Written by Steven Liechty
"For it has been reported to me that there are quarrels among you . . . What I mean is each of you says, 'I belong to Paul,' or 'I belong to Apollos,' or 'I belong to Peter,' or 'I belong to Christ.'" - 1 Corinthians 1:11-12
Something seems wrong here, that is with Paul's words above. I get that it's a (frequent) problem when people idolize a human leader ("Nothing's been the same since Dr. Smith left!!")
But "I belong to Christ"? I mean isn't that, like, the right answer? Shouldn't we want people in the church, each and every one to say, "I belong to Christ," or (in another translation) "I follow Christ." If this were a multiple choice test, isn't the answer "D"?
Yes and no.
Yes, for sure, the point is to follow Christ and to belong to him.
No, because in the context of the divided Corinthian Church, the "I belong to Christ" of one faction was a proud boast that carried with it an unspoken accusation, "but I'm not so sure about you!" Paul found fault with their assertion because "We belong to Christ" was saying, "We're the true, the real Christians here, and you others are not."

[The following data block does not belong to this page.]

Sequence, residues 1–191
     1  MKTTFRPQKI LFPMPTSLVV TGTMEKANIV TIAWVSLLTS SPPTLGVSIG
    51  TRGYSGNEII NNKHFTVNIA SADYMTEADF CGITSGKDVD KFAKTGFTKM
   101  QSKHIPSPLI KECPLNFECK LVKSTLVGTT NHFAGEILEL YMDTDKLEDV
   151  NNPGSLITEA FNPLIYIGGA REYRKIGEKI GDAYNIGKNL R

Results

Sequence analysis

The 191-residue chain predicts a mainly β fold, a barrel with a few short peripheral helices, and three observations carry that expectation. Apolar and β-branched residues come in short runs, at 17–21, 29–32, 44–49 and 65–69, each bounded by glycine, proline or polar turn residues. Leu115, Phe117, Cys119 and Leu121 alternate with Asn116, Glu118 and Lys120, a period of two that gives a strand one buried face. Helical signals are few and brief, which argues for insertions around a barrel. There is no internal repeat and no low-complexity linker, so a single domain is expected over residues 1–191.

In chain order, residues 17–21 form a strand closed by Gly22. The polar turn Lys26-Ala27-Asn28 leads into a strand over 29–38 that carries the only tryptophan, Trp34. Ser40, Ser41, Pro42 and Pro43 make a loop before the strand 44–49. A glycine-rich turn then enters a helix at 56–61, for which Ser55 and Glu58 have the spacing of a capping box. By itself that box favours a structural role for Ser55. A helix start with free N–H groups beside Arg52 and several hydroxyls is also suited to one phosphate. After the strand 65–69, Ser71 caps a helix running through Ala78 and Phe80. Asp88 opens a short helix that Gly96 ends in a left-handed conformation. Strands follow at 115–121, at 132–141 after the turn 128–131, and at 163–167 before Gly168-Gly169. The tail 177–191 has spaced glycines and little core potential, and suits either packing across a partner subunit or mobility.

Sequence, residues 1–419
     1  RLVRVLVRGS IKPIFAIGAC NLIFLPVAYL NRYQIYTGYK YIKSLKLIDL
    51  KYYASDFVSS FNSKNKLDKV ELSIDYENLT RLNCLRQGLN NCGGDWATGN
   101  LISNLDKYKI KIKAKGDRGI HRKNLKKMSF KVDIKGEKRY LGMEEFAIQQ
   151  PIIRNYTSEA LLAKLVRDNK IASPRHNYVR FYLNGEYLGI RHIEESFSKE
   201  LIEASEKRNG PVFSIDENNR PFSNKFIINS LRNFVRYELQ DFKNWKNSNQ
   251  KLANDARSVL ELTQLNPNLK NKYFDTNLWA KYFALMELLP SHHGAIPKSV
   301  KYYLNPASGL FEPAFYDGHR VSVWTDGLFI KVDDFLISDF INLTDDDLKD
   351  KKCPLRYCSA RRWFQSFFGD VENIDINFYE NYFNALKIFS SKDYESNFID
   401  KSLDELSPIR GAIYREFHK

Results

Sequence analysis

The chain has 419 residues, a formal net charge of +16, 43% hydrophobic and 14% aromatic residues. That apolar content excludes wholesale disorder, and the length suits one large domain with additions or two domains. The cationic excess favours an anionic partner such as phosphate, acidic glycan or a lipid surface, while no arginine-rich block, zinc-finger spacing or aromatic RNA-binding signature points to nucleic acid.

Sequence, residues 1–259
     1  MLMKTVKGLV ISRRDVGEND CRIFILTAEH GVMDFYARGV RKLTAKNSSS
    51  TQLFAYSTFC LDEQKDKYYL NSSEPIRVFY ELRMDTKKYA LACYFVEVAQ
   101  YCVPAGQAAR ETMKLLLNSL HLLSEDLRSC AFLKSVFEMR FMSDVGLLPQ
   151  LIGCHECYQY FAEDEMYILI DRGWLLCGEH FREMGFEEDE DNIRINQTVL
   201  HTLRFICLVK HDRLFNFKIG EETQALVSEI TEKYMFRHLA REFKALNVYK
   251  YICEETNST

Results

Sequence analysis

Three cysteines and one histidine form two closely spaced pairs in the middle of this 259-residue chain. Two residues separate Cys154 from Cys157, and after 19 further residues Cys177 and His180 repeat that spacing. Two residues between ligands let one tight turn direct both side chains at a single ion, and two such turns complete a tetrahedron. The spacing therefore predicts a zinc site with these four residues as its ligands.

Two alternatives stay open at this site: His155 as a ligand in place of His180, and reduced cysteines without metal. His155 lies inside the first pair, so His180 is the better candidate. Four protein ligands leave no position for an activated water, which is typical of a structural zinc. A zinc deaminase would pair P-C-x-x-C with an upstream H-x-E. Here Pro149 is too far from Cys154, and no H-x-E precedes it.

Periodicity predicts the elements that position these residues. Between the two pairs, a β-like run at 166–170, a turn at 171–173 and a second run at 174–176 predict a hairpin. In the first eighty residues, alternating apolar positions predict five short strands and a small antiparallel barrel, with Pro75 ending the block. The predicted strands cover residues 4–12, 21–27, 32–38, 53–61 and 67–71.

To confess Christ, to say "I belong to Christ" cannot ever be a proud boast of one's spiritual attainment or being part of the divinely selected in-group. To say, "I belong to Christ" is a word of surrender and confession of one's need for grace.
To say "I follow Christ" is to say, as Paul pretty much does a little further on in this letter, "In the strange wisdom of God, God called a person as flawed and foolish as a follower. God (not me) is amazing."
Gracious God, grant me the gift of a cleansing humility and a capacity to walk humbly with you this day. Amen.
Anthony B. Robinson, a United Church of Christ minister, is a speaker, teacher and writer. His newest book is Called to Lead: Paul's Letters to Timothy for a New Day, and he is also the author of Book of Exodus: A God is still speaking Bible Study. Read his weekly reflections on the current lectionary texts at www.anthonybrobinson.com by clicking on Weekly Reading.